A final, single-level, dual inlaid, semiconductor device 10 is illustrated in FIG. 11 and illustrates the device of FIG. 10 following the application of a passivation layer 44. It should be understood that the passivation layer 44 could be another etch stop layer similar to layers 18 and 22 previously discussed in order to enable further dual inlaid layers over the device of FIG. 11. However, layer 44 may be an anti-reflective coating (ARC) material and/or final passivation wherein layer 44 would represent the top of a finished device which overlies bond pad regions.
FIG. 12 illustrates the semiconductor device from FIG. 11 wherein the previously discussed process of FIGS. 6-11 has been repeated to form an additional layer of metal over the structure of FIG. 11. Specifically, FIG. 12 illustrates a first interconnect layer 50 from FIG. 11 which is similar in formation to the second interconnect layer 52 which overlies the first interconnect layer 50. In this manner, it is illustrated how multiple layers of metal using the low-K dielectric regions can be manufactured. It is important to note that the low-K dielectric material 30 of FIG. 12 can flow contiguously between vertically-stacked layers of metal in a vertical manner so that fringe capacitive coupling and fringe cross-talk is reduced as well as parallel plate capacitive coupling. In another form, the material regions 30 of FIG. 12 can be substantially contiguous in that the regions 30 are only separated by a thin regions of material having a thickness of 1000 Angstroms or less (e.g., separated only by a region analogous to regions 18, 22, and/or 44).
In other words, one advantage illustrated in FIG. 12 that is superior to the prior art is that a contiguous or substantially contiguous vertical column of low-K dielectric material can be vertically formed to isolate multiple layers of metal interconnect areas at multiple metal levels. Specifically, the low-K dielectric region 30 forms a vertical structure beginning at the etch stop layer 18 of FIG. 6, up through the top of the semiconductor device 11. As a result, not only would the parasitic parallel plate capacitance which forms directly between the interconnects 42 and 40 be reduced by the critical positioning of the low-K material 30, but the parasitic fringe capacitance which forms above and below this parasitic parallel plate capacitor would also be reduced. This advantage is gained by providing selectively placed vertical columns of higher-K dielectric material so that thermal dissipation and the like is improved over blanket-deposited low-K layers since some lower-K columns remain in the final device. It is important to note that the material 30 may be contiguous in the vertical direction for more than one layer of interconnects or that these high-K regions 30 may be substantially contiguous. "Substantially contiguous" is when the regions 30 are separated by material less than 1000 Angstroms or separated only by the material used to form etch stops such as layers 22, 18, and the like. Most processes in the IC industry today integrate four or more metal interconnect layers, all of which can be isolated via the processes taught herein.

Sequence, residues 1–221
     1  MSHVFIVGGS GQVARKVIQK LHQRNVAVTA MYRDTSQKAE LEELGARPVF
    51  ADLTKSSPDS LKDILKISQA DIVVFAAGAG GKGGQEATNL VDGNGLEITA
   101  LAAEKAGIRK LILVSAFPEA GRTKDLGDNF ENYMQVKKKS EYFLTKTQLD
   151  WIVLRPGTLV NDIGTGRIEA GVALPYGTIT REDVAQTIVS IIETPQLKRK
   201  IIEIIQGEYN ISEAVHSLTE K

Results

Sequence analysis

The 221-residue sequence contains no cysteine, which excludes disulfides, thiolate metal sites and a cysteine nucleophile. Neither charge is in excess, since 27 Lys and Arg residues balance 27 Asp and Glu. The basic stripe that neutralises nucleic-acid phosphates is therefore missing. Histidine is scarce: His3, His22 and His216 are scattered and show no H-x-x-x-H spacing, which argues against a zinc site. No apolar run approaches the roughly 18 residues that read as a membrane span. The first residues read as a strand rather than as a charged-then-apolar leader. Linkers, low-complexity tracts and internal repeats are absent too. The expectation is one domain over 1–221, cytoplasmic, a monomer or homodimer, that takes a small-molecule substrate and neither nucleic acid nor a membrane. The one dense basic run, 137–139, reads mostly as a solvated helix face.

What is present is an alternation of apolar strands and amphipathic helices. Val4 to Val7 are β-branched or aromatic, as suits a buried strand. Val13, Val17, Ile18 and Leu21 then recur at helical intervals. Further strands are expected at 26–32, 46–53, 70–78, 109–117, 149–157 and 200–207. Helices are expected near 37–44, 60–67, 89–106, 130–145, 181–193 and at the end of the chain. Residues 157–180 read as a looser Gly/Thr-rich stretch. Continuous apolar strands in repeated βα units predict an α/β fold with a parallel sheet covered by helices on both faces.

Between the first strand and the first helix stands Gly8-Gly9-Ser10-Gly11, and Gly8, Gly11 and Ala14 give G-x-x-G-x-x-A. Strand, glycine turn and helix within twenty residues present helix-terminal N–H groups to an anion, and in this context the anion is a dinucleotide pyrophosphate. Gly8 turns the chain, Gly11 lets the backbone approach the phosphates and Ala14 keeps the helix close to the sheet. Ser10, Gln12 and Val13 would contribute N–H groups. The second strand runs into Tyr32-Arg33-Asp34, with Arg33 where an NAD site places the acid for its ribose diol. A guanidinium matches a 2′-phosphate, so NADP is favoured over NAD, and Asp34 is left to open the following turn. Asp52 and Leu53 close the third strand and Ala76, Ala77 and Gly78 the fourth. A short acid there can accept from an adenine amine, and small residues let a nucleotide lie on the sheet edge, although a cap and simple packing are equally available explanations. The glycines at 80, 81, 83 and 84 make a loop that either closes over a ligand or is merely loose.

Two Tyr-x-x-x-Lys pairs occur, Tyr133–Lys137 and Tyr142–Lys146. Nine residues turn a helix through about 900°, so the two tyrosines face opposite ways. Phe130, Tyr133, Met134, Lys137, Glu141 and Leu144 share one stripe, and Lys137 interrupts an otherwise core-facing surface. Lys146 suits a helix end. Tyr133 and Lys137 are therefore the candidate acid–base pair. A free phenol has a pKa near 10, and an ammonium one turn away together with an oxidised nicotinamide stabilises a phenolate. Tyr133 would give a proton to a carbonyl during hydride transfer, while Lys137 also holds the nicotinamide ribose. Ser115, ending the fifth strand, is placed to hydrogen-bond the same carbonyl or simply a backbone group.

The structures illustrated in FIGS. 6-12, are understood to have been discussed in a generic nature. However, it would further be understood that the conductive structures 16, 42, and 40 could be formed of specific material such as copper in a preferred form. When copper is used as a bulk metal interconnect material, a protective barrier such as a tantalum nitride or tantalum silicon nitride would encase the conductive layer in order to protect it from the surrounding oxides. In addition, the etch stop layer 18 would be used to protect the underlying copper from subsequent processing.
FIGS. 13-19 illustrate a process to form a device 13 which is similar to the device 10 previously discussed via FIGS. 6-11. Dual inlaid structures can be formed in one of two primary manners: (1) via-first and interconnect-trench-last (i.e., a via-first method); or (2) interconnect-trench-first and via-last (i.e., a via-last method). Together, FIGS. 6-11 and FIGS. 13-19 illustrate both of these dual inlaid formation embodiments. Beginning in FIG. 13, an interconnect trench region 125 of a dual inlaid structure is first formed before via openings are patterned. In FIG. 13, a semiconductor device 13 has been provided having an oxide layer 112, a metal conductive region 116 surrounded by a protective barrier 114, an etch stop layer 118, an oxide layer 120, and an etch stop layer 122. Subsequent to the forming of the etch stop layer 122, an oxide layer 124 is formed. Following the formation of oxide layer 124, a photoresist layer (not illustrated in FIG. 13) is formed and patterned in order to allow for etching of the trench region 125. The trench region 125 exposes a portion of the etch stop layer 122.